Who Dat?

Back in the 80s, long before the X-Games existed, Tom Haig traveled the world as an extreme athlete. He visited more than 50 countries as an international high diver, doing multiple somersault tricks from over 90 feet.

That life came crashing down one Sunday morning in 1996. While training on his mountain bike, he smashed into the grill of a truck and became paralyzed from the waist down. But less than a year later he completed a 100-mile ride on a hand-cycle and traveled by himself to Europe and the Middle East.

Since then he has continued to travel the world as a consultant, writer and video producer. He spent six months launching a Tibetan radio station in the Himalayas and shot documentary shorts on disability in Bangladesh, France, Albania, Ghana and most recently Nepal.

Thursday, April 8, 2010

The Ugly Side of a Tourist Town

I’m sure I don’t know a lot of what goes around me here, but I was shocked with what happened to me Tuesday night – as well as the reaction of the people around me.

It all started innocently enough as a few friends went out to dinner to welcome Mari Lang, an Austrian journalist who’s going to be helping out at 90.4 Tashi Delek FM for the next few months. Five of us sat around a table at Nick’s Italian Kitchen talking about the station and helping our friend, Wen, construct a web project. She’s working on a site to offer Chinese translations of Tibetan and English news stories concerning Tibet. Most of the Chinese content on Tibet is propaganda spewed by the government, so this project is a worthy cause that really needs to get off the ground.

We hashed over ideas, ate dinner and even had a slice of cake as Wednesday was Mari’s birthday. After dinner we strolled over to the Hotel Tibet and sat around a table loosening up the conversation over a few Kingfisher beers. Since it was a work night, we polished off our beers and went on our respective ways home. The stores in Bhagsu are all closed by 10:00 so I rolled to the center of McLeod to buy a big jug of water for the night. The center was still bustling, so I sat for a spell to see if I could find some musicians for our Saturday Night Dharamsala Live radio show. They only way I’ve found any of the musicians so far is by stopping people carrying a guitar or flute case and asking them to perform.

While I was parked at the bus stop two Punjabi tourists approached me and wanted to know if I knew of any big parties. I told them they were looking at one big party and they could go into any of the cafes where plenty of people having a great time. The first guy, was a long-haired hipster dufus who pulled out a hip flask of Indian rum and asked me if I wanted a pull. I said I was fine, but he insisted. I took a swig then washed it down with my bottle of water. Then the second guy, a short-haired smooth talker asked me if I wanted a girl.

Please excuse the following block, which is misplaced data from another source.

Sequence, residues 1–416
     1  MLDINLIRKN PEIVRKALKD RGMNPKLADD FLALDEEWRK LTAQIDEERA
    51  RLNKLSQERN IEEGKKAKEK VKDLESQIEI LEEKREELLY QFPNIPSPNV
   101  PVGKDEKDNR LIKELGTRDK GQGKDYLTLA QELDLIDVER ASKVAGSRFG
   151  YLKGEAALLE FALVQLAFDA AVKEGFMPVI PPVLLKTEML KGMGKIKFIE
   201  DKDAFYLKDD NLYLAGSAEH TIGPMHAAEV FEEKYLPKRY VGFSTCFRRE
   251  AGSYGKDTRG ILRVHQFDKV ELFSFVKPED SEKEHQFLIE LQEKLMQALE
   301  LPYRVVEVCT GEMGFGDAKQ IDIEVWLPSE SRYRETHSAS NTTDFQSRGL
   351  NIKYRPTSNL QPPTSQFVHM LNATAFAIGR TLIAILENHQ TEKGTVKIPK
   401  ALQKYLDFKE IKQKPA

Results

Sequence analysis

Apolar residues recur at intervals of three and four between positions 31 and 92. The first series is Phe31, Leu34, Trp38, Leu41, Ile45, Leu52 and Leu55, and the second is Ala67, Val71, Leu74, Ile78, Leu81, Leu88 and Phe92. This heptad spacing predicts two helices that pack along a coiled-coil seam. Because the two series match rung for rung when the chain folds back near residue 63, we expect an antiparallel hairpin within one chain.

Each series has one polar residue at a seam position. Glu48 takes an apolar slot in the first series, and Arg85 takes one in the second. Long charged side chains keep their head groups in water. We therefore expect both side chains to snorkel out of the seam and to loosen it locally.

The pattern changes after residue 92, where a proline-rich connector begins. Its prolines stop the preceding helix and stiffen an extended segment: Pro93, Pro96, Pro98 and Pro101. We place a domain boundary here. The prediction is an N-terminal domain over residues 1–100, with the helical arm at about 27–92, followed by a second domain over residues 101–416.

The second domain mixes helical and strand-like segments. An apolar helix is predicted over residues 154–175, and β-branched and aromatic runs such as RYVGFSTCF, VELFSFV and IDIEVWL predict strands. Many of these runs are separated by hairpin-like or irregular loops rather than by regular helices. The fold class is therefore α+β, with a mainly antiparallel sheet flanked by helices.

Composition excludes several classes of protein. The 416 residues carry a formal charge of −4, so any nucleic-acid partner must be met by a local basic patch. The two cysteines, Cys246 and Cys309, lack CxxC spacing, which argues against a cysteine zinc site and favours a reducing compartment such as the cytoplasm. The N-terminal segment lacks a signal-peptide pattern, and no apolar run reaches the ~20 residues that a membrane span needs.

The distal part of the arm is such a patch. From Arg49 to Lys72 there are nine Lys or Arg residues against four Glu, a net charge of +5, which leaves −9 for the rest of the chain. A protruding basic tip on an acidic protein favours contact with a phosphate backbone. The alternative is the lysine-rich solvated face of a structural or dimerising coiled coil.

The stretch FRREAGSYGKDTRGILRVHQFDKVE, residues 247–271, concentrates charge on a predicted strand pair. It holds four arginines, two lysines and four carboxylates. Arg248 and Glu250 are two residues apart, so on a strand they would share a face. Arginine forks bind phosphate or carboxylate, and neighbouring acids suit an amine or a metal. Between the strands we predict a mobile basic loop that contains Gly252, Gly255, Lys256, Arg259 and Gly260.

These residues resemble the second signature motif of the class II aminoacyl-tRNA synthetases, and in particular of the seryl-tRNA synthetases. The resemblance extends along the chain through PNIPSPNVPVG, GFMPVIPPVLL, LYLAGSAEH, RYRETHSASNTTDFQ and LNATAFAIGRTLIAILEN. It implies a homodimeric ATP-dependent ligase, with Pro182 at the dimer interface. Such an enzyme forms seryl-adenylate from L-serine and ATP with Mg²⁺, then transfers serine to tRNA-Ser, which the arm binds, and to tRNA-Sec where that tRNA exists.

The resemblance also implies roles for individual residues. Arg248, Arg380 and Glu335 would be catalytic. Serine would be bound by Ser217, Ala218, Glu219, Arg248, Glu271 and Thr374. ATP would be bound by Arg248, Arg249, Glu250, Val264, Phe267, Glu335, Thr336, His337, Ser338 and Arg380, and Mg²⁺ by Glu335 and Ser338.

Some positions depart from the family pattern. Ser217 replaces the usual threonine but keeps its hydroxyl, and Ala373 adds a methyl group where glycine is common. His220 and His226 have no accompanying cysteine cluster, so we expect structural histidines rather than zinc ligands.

The local Indians know me and have long since stopped bugging me for business like they do all the fresh-faced white tourists. These guys were out-of-towners and were bringing in some shady business to McLeod. I’m not so naïve as to think a town with a 95 percent tourist economy doesn’t have some illicit slave trade going on, but I’ve never been approached by anyone. I told the pimp that western tourists aren’t coming up to McLeod Ganj looking for women, so he might try a 'different demographic'.

The two of them caught my insult, told me to get my ass back to America then stopped just before hitting me in the busy marketplace. I’d had more than enough of the conversation so I packed up my water bottle and headed back to Bhagsu.

That in itself was the most unsettling event of my four months in Dharamsala. I rolled through the now-quieting streets of McLeod onto the dark hill that leads to Bhagsu. I got a few hundred yards up the climb when I heard a motorcycle behind me. I welcome the motorcycles because they light the road and I can plot my course around the potholes. But as the bike got closer I heard the familiar voices from the bus stop. It was the two Punjabi guys heading to Bhagsu where I’m sure they were told can be some raging vacationers. They saw my chair and made a slight effort to run me off the road. Then they passed giving me the finger and yelling what I’m sure were a long list of profanities.

Again, another very unsettling event, but I was sure this would be the end of it.

No such luck.

Just short of the summit of the hill I heard a commotion and saw the bike parked with the two Punjabis beating the snot out of two girls. I realized the two Punjabis came up to McLeod with a stable of women who were not faring well in the local skin trade. I’m sure they thought a town full of rich tourists would be a layup for them, but this just ain’t that kind of tourist town. Even the Indian tourists are coming for spiritual retreats, not coke and whores.